Bear sign

A couple of months and scores or hundreds of images behind is not where I like to be, but it’s hardly a novel state of affairs. Still, I wish it weren’t the dominant paradigm; I know I’m missing a great deal for lack of time.

I found this bear tree some weeks ago, but never managed to find the bear. It was in a little nook just ten yards from the trail and appears to be a favorite spot, judging from the presence of deep older gashes running up the trunk, as well as the pale new scratches. There was other sign about, both scat and vomit from overindulgence on mountain ash berries.

The bear, however, found me, or at any rate graced me with its presence directly in front of me. It seemed in a hurry and paid me scant attention. A half minute earlier I’d heard a horse in suspect voice that made me think of bear, but I was honestly surprised when one rushed past, following one of the fainter game trails intersecting the main trail I was on, heading toward a known refuge. Next time, perhaps, I’ll be faster to prepare when I hear that whinny. Though bears may be the animal I’m least interested in photographically, despite my constant and mostly unfulfilled desire to see them.

White-tails and stories

Not by accident, I’ve had another meeting with the deer. Paying more attention now, I’ve learned a little about how they operate. For example, the females communicate the presence of a potentially dangerous intruder with a loud snort. They are bolder and investigate more closely; the males hang back until the way is clear. If spooked, they retreat, but may return soon if there’s no further alarm. There seems to be a real curiosity, and they will approach nearer than necessary for route reconnaissance.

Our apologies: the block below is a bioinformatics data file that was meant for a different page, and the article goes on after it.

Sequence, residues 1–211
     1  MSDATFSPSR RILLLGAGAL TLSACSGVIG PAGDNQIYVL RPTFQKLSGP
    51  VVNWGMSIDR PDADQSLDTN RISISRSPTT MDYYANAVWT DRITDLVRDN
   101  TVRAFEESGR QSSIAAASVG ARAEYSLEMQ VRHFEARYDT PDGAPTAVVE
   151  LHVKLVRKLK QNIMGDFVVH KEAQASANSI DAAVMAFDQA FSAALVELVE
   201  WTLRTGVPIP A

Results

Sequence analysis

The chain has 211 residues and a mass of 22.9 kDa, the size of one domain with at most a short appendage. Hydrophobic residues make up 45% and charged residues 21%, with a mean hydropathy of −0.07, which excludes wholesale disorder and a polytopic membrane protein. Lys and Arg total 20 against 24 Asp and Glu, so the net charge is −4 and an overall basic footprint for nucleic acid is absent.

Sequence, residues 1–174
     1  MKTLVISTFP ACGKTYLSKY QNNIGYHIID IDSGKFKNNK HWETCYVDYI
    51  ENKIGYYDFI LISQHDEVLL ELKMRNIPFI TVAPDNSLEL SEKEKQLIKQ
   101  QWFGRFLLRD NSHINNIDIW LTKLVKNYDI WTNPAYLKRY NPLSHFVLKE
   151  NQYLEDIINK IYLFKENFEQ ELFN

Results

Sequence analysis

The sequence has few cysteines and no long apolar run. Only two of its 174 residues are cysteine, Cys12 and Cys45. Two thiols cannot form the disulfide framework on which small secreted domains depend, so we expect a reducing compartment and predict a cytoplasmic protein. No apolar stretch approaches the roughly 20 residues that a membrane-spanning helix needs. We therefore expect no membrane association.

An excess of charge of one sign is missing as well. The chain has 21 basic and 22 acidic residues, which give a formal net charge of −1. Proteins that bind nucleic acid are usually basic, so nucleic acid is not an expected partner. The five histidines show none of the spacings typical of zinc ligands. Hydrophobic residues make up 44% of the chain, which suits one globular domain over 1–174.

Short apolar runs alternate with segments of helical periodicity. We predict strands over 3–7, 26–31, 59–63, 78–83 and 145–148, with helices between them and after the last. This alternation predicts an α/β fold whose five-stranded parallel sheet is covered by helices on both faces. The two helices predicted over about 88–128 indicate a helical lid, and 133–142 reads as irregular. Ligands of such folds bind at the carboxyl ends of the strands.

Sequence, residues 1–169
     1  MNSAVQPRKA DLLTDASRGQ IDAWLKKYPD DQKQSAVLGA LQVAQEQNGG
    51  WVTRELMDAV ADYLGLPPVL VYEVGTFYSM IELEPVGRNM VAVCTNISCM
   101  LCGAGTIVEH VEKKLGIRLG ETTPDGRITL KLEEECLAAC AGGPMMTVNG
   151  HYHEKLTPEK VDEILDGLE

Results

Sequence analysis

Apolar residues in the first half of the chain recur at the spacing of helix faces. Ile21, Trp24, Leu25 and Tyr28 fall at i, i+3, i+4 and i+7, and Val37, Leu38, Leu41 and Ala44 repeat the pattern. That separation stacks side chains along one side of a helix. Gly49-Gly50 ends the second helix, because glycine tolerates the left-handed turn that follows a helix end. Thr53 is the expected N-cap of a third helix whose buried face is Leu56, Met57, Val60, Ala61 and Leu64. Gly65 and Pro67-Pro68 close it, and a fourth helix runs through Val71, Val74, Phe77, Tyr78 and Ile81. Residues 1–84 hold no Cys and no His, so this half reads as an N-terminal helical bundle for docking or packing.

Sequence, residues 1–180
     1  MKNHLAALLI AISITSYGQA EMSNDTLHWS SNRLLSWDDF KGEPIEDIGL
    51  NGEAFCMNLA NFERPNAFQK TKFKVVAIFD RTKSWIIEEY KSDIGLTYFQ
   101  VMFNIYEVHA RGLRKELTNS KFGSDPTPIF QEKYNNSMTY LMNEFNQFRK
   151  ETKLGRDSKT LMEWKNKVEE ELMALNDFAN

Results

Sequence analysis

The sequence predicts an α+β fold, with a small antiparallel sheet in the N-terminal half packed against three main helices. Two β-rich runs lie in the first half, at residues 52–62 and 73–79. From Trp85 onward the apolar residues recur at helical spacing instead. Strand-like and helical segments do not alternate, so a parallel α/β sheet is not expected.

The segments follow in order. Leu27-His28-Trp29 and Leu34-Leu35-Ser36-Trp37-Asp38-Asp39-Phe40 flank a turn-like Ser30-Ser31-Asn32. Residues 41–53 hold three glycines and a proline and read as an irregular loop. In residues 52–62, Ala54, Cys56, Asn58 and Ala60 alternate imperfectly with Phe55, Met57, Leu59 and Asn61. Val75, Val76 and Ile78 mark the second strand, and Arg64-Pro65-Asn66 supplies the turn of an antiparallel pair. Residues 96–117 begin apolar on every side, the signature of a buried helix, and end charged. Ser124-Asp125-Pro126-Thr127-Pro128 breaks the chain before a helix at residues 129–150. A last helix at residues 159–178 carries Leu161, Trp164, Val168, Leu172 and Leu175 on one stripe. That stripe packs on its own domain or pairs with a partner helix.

Perhaps because these photographs show living creatures, they seem to easily suggest stories, particularly—thanks to the gaze—stories of encounters with the implied photographer. I myself can easily conjure stories from any tree or leaf, but I suspect that’s harder for most people. At any rate, reading Wim Wenders and Paul Graham, and discussing elsewhere on the web, I’m thinking that the impact of a picture can be due as much or more to ability to evoke of story as to aesthetic impression. And the meaning of a place has much to do with the stories that we live or hear of or imagine there.

I don’t know whether an encounter with another species is more or less powerful than one with our own. Both can run deep. Certainly the friend who came on three mountain lions will never forget it (that was not on Sourdough Trail, though sightings have been claimed this month even closer to town). But when the other species is a plant, without a mind we can imagine, it scarcely seems a character to be met with. And yet: it has a presence and a history and a life force, it may be well known even if nameless.

Or is it better to say, such quieter encounters are more encounters with ourselves? Curiously, I find that at those moments I photograph, I might either be more aware of myself, or much less so—much more intent on something else. A rough-barked tree might capture my attention as long as a deer. I contemplate the tree. I consider it in relation to myself. Mostly, I appreciate visually that deep, dark scarring of a smoother surface. There could be many stories here. They seem to have a power without ever being told.